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The Ancient Greek word ἡμιόλιος means literally "one and a half", referring to the ratio 3:2 and the interval of a perfect fifth in music. I wonder how this word is composed of: is it ἡμι- (half) + ὅλος (whole) or ἡμι- (half) + ὀλίγος (few) ? It seems ἡμι + ὅλος in its sense but why then is it ἡμιόλιος and not ἡμιόλος?

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It is indeed ἡμι- 'half' + ὅλος 'whole', but there's a third component, -ιος, which forms adjectives, usually but not exclusively out of nouns, indicating the possession of a characteristic of the prototype word (as in e.g. ἀρχή 'beginning' → ἀρχαῖος 'primeval', θάλασσα 'sea' → θαλάσσιος 'maritime', Λέσβος 'Lesbos' → Λέσβιος 'Lesbian', &c.), as ἡμιόλιος is an adjective. If you see ἡμιόλιος being used as a noun, it's presumably agreeing with an elided λόγος, meaning, in this context, 'ratio'.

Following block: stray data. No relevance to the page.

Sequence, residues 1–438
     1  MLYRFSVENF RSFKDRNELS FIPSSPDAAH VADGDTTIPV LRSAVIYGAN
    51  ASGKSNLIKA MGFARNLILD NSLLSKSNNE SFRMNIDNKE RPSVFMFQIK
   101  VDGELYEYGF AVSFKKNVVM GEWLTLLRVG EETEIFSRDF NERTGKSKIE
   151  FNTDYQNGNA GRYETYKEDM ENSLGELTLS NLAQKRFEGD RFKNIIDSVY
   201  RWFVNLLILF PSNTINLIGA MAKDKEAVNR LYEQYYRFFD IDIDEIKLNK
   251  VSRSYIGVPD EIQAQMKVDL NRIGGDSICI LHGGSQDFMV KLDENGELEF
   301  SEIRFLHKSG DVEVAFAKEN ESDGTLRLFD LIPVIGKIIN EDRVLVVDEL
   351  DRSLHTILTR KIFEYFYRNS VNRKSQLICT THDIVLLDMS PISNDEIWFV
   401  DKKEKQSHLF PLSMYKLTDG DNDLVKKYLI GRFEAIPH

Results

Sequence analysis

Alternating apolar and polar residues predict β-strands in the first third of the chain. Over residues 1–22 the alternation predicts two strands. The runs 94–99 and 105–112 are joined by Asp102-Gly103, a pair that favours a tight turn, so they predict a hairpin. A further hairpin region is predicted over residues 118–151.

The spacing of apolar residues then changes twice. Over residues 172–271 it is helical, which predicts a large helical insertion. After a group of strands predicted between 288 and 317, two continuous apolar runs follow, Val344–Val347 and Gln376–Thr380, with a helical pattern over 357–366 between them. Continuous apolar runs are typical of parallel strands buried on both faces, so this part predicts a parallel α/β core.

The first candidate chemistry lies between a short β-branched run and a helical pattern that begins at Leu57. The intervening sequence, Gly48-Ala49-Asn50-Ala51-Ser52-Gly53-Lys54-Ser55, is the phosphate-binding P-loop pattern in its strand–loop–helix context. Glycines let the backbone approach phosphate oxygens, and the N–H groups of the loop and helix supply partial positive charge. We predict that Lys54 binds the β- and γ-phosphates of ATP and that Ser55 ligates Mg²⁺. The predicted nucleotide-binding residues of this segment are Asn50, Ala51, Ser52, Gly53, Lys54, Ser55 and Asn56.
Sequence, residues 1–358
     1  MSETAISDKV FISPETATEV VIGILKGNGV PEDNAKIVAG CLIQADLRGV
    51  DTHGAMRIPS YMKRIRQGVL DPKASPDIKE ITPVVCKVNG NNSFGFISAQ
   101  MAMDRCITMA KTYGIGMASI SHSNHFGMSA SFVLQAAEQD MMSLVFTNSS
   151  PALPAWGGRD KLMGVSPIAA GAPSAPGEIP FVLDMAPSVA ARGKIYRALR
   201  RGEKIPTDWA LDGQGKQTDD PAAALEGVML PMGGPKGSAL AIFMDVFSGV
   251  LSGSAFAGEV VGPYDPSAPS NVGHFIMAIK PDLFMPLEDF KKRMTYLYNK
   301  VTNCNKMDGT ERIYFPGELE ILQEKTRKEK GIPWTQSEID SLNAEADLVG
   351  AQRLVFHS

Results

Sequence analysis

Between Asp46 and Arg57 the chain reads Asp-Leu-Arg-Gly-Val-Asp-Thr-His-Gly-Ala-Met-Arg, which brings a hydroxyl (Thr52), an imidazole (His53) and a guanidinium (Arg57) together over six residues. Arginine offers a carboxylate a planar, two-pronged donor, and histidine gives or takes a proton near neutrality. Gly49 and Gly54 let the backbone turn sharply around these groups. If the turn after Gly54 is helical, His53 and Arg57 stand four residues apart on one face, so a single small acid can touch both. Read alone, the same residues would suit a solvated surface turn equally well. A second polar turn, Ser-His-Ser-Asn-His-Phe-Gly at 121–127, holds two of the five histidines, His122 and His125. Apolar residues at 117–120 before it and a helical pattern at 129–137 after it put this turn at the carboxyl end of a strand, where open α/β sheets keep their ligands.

The connection with ὀλίγος doesn't make much semantic sense, and Greek isn't prone to losing intervocalic γ before a back vowel.

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